There is a recent trend in the review process for electrical distribution equipment submittals. These days, I see more of an effort toward a collaborative submittal review, where the manufacturer’s information is reviewed concurrently with the design and construction team. The contractor, construction manager (CM), manufacturer, owner, and design engineer all sit in a room and walk through a submittal — sometimes in painstaking detail. Although this sounds laborious, it is actually extremely effective in resolving concerns or questions regarding the proposed equipment.
In a typical review process, the effort consists of many weeks of manufacturer submittal compilation, contractor input, CM remarks, engineering review, and owner comments, which then result in manufacturer modifications to the submittal. Once the submittal is modified, the whole process starts again — and usually occurs several times. By bringing all the parties together for a concurrent review, all of the issues are laid out on the table and addressed immediately. Not only is this a forum where questions are raised, but answers are also provided, which often leads to more questions. Breaker configurations and ratings, switchboard attributes, and compliance with the specifications and contract documents are discussed and validated. By having a roundtable submittal discussion, the process is accelerated and enhanced by multidisciplinary experts bringing their input to the effort.
Another shift in the review of the electrical distribution equipment is the requirement to provide a submittal for a selective coordination, arc flash, and fault current study prior to reviewing and approving the electrical distribution equipment. Back in the old days, these studies were not requested to be submitted before the equipment was ordered — or sometimes even at all. This often resulted in a significant amount of time and money spent trying to modify the new equipment so it could be coordinated and have a withstand and fault condition rating specific to that particular installation. There also were situations where equipment was ordered with a higher fault current rating and with more bells and whistles than was necessary for the installation. This conservative design was often done to ensure a compliant system regardless of the design variables. This practice typically added money to the project for characteristics that were not necessary.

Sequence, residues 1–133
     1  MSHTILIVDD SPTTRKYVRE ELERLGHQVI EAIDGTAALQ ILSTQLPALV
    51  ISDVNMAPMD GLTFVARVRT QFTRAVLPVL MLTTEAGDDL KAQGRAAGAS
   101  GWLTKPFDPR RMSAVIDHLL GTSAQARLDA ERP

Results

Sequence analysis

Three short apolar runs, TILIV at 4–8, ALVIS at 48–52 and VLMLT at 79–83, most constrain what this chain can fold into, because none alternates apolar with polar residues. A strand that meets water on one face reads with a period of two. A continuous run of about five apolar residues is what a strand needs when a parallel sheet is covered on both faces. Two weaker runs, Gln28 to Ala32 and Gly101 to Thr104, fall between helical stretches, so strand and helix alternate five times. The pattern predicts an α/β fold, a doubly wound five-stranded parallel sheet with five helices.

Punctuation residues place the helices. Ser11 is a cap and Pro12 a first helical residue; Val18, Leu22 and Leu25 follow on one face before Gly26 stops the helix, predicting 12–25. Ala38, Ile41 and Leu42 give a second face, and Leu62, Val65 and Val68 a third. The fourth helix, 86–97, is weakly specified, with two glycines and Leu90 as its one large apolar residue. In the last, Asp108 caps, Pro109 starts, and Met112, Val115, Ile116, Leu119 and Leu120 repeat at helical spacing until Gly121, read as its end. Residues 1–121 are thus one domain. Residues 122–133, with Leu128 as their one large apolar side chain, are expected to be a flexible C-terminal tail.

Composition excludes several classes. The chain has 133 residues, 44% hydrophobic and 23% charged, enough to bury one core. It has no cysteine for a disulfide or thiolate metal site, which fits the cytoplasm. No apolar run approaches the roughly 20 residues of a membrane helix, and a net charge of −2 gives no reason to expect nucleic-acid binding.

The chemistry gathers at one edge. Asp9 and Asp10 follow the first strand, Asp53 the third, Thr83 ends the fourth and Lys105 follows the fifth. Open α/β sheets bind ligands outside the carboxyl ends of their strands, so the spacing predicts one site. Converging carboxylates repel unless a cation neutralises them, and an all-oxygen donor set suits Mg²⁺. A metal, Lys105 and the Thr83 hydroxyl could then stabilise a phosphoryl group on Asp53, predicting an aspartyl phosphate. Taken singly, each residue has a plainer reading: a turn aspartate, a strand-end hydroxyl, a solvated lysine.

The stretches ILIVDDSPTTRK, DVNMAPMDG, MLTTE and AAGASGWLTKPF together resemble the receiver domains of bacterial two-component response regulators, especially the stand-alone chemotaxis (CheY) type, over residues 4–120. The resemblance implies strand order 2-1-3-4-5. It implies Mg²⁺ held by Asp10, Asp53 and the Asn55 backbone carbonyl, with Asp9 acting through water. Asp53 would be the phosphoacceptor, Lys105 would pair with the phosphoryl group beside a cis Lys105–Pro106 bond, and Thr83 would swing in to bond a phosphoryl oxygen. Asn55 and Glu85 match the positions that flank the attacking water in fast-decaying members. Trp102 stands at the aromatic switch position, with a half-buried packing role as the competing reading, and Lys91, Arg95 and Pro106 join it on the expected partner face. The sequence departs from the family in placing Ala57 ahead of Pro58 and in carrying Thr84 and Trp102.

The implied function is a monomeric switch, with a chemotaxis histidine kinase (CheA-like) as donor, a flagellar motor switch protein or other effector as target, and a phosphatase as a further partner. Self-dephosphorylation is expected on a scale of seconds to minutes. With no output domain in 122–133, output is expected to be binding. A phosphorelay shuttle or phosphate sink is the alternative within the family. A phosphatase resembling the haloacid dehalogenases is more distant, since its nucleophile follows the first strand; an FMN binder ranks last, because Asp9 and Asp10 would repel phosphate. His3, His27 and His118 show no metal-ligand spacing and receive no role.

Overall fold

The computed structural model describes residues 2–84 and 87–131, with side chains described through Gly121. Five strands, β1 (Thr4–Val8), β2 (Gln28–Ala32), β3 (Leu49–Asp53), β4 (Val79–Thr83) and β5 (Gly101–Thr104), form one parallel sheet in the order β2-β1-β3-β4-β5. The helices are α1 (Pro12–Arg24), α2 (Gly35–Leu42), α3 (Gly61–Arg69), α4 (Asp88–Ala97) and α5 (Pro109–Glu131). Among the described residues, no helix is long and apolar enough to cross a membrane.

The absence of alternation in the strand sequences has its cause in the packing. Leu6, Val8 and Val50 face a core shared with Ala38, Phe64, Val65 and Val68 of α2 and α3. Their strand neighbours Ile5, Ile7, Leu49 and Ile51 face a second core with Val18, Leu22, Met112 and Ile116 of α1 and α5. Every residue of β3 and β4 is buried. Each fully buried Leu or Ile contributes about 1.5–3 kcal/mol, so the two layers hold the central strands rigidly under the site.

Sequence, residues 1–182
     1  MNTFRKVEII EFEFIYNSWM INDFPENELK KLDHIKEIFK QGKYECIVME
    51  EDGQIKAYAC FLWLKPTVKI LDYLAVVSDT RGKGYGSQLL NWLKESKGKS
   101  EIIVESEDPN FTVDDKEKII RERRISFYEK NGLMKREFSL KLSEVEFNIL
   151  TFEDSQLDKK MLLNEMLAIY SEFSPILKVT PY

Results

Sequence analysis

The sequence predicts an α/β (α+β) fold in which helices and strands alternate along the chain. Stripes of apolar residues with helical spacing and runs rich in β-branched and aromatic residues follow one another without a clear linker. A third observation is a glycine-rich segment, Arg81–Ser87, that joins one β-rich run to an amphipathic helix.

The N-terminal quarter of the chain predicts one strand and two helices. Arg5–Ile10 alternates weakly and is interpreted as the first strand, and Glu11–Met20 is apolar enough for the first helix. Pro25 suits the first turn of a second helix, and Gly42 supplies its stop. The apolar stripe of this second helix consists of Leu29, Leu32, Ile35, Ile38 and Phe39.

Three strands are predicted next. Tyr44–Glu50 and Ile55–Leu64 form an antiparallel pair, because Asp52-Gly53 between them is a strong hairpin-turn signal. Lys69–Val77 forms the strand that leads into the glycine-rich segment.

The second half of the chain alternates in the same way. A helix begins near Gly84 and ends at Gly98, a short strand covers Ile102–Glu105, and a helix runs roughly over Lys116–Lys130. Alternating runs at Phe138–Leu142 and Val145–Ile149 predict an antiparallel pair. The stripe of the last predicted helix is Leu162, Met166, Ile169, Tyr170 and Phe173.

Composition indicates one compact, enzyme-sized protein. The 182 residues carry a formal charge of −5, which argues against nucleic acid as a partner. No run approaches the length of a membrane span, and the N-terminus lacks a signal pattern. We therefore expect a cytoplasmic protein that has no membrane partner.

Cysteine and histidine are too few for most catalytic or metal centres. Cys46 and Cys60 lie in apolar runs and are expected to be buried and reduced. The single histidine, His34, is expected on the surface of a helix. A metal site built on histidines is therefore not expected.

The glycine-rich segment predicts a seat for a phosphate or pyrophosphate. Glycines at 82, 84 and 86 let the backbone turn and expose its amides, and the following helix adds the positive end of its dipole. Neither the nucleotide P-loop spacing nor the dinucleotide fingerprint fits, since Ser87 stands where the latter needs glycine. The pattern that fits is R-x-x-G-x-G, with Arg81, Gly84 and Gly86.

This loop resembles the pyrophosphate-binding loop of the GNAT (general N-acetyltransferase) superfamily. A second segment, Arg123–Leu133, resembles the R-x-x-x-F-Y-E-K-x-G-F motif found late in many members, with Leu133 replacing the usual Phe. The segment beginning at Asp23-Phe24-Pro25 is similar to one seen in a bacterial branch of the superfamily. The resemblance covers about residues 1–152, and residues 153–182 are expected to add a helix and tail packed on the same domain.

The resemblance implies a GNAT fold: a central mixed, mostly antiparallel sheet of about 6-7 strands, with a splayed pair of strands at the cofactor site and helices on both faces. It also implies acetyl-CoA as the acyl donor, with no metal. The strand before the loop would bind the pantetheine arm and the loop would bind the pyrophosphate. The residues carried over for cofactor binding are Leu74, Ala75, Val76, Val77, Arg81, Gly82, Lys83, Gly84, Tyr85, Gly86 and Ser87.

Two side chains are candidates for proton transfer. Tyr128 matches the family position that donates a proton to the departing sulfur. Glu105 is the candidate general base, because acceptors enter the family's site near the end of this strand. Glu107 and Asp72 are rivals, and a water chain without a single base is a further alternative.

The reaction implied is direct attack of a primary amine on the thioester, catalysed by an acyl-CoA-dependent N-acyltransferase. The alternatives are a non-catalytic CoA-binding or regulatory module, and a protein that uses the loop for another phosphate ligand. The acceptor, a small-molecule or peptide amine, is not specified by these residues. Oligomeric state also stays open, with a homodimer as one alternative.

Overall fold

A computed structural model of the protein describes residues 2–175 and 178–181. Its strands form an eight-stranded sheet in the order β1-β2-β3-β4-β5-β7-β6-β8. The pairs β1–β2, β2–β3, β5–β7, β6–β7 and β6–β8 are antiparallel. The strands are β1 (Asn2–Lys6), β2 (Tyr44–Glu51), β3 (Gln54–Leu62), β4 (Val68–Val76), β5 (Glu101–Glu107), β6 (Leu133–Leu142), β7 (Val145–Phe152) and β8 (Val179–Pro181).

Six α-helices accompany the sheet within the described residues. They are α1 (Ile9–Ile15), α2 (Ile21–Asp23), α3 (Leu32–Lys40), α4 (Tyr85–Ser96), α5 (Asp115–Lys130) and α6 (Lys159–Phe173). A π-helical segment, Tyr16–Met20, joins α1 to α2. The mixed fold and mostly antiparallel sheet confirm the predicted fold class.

Let’s not be too quick to judge and point a finger at the engineer, the contractor, or equipment supplier for this scenario. In the old days, we did not always know which manufacturer we would be using, the equipment was not as intelligent as it is today, and selective coordination was not a code requirement, so the options of equipment available to submit, review, and approve was a completely different process. We did our due diligence by assuming an infinite bus for the utility and checked select loads utilizing manufacturers’ onion skin curves for coordination. We would do a spot check based on curves to coordinate the system, but because each manufacturer’s devices have different characteristics, the coordinated device selection may not necessarily be valid. Even with this coordination, the fault current still needed to be confirmed. The required fault current could change the frame size of the breaker in order to get the necessary AIC rating, which then affects the coordination curves, which then may change other pieces of equipment. Different breakers require different space configurations, and the larger the frame size the larger the panel. When a panel has to increase in physical size, the electrical room is affected, which then impacts the architecture and … see how this just snowballs out of control?
These days, we have more control over the variables and more tools as design engineers to specify a system based on known parameters. We do preliminary calculations, so when the information is provided to the contractors and manufacturers their role is to confirm the basis of design with their equipment instead of starting from point zero. As you see, there is a lot of upfront preparation required for the design documents and before the submittal documents are even submitted for a job. Why make it more difficult for the next stage of the process by playing pass the submittal? By providing the construction team with all of the required parameters upfront, using the actual site information and gathering all of the parties together for a concurrent review, the process is streamlined and the best and most cost-efficient solution can be implemented efficiently.